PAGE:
Data analysis, statistics and clustering algorithms

For routine mass spectra statistical analysis, including two-dimensional (2D) peak distributions and principal component analysis (PCA), the program ClintProTools™ (Bruker) was used. Individual sample spectra were pre-processed using smoothing and baseline subtraction functions, and three-dimensional (3D) plots were generated to display unsupervised clustering at the subgenera and species levels based on the most abundant protein spectra. However, complete classification of spectra from the field-collected mosquitoes could not be achieved with the manufacturer’s software because reference library entries that conformed to the quality standards of the application could not be created.

For more stringent and comprehensive data clustering and identification, a custom-made Linear Discriminant Analysis (LDA) quantitative approach was implemented using the software MATLAB® (MathWorks, Natick, MA, USA). Given the size of the samples, a dimensionality reduction stage was implemented using PCA as well. Both approaches have been used in identification in the context of face recognition [27, 28], and are established methods used in spectral classification in the context of mass spectrometry [29, 30].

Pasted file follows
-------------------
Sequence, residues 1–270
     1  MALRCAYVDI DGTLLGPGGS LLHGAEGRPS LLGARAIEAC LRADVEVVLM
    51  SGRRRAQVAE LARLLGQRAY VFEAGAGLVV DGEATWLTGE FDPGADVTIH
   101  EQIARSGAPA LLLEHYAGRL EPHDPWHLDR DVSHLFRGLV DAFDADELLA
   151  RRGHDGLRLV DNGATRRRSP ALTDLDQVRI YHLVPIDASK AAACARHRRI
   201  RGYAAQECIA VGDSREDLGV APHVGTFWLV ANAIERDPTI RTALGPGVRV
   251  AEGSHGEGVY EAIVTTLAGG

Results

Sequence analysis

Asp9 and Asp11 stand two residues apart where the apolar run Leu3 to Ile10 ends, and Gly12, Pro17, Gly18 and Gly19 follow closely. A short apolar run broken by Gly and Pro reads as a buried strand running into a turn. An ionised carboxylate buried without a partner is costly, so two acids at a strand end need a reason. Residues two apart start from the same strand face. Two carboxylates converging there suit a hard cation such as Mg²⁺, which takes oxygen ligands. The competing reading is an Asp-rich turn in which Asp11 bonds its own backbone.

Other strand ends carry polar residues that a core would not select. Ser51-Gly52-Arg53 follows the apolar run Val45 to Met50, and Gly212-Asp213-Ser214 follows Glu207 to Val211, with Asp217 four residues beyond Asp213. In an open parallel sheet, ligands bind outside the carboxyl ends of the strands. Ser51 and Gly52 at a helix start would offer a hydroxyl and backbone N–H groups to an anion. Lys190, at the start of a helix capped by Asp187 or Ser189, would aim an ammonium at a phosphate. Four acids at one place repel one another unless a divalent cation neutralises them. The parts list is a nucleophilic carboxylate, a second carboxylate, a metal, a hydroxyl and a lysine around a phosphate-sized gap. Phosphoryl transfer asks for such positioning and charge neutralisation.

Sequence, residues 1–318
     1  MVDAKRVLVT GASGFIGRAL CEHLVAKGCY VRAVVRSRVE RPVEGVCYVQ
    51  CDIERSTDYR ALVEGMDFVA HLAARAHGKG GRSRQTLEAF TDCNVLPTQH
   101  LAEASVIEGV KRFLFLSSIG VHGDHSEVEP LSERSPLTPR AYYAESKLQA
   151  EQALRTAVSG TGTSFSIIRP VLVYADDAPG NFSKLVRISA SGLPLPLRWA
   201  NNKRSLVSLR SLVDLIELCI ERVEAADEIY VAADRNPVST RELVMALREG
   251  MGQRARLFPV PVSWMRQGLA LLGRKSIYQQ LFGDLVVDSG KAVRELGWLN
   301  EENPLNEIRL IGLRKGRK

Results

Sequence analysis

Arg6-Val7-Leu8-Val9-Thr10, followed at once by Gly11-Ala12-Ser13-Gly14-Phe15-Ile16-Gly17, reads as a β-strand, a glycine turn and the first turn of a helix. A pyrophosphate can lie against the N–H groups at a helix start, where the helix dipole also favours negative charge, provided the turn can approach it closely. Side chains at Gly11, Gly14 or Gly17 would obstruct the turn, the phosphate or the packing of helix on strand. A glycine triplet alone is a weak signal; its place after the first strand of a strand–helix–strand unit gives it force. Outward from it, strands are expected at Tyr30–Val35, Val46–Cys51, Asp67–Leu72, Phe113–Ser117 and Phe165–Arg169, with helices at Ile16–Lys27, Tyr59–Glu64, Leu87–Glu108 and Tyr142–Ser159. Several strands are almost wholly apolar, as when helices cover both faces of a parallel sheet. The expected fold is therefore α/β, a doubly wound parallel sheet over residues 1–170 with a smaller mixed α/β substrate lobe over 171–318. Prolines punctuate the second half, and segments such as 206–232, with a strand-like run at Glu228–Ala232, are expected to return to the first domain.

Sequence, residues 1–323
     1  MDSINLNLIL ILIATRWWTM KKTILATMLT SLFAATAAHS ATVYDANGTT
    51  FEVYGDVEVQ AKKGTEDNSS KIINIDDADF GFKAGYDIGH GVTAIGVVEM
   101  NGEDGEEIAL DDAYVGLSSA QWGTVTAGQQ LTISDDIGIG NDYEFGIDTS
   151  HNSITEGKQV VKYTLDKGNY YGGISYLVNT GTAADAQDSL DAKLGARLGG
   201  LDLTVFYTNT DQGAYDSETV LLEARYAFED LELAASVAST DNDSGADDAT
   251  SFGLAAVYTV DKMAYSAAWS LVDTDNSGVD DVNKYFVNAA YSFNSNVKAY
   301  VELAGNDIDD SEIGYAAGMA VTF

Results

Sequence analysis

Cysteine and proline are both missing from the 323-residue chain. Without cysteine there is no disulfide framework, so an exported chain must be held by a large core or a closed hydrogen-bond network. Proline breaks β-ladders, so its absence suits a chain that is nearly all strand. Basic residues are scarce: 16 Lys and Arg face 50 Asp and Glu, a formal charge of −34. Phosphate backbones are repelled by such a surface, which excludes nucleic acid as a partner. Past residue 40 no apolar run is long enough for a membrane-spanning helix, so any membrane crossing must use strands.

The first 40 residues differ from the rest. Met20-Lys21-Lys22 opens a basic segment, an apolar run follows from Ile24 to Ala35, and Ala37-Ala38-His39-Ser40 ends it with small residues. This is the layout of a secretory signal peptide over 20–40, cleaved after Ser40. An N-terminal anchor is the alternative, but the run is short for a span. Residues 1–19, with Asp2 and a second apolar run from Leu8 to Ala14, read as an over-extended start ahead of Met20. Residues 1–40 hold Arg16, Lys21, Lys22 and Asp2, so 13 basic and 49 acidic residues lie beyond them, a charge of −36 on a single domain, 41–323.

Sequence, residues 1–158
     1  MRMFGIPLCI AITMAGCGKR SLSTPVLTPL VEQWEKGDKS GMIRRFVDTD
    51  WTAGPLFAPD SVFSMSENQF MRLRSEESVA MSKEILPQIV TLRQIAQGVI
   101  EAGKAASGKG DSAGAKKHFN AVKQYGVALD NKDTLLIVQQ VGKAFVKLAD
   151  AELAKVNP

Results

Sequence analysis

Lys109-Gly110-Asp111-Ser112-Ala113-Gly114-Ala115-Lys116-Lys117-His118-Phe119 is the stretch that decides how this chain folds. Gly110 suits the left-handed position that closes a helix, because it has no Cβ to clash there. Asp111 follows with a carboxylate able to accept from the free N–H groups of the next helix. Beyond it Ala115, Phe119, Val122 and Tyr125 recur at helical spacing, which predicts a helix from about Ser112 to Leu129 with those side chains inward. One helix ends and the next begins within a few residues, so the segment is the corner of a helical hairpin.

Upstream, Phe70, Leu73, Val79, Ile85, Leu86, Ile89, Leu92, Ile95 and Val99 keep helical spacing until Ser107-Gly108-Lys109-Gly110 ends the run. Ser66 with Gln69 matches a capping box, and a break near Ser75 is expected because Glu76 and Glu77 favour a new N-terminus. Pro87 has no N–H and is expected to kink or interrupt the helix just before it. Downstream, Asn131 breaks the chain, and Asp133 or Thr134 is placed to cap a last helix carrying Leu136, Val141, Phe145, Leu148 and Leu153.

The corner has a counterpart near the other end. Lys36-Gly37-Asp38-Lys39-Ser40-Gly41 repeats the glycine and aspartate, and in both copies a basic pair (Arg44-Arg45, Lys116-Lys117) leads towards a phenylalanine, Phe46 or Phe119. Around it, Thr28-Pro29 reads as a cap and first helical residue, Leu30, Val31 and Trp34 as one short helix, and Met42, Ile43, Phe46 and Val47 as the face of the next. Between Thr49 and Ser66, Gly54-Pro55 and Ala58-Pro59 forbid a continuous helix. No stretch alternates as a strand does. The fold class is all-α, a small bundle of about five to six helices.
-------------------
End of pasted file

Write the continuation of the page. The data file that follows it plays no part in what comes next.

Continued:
Let the training set of the samples be Γ1, Γ2, Γ3, …, ΓM−1, ΓM. The average sample is defined as \( \Psi = \frac{1}{M}\sum_{i = 1}^{M} \Gamma_{i} \). Each sample differs from the average sample by the vector Φi = Γi − Ψ. Given the mean-centered sample matrix \( A = \left[ {\Phi_{ 1} ,\Phi_{ 2} ,\Phi_{ 3} , \ldots ,\Phi_{M - 1} ,\Phi_{M} } \right] \), the covariance matrix \( C = \frac{1}{M}\sum _{n = 1}^{M} \Phi_{n} \Phi^{T} = AA^{T} \) was calculated. The eigenvectors of this covariance matrix correspond to a set of orthonormal vectors that form a basis to represent the data with a reduced dimensionality. A previously published approach [28] was used to calculate indirectly the first M eigenvectors of the matrix C, by estimating the eigenvectors of the matrix L = ATA, reducing the memory and computational requirements of this procedure.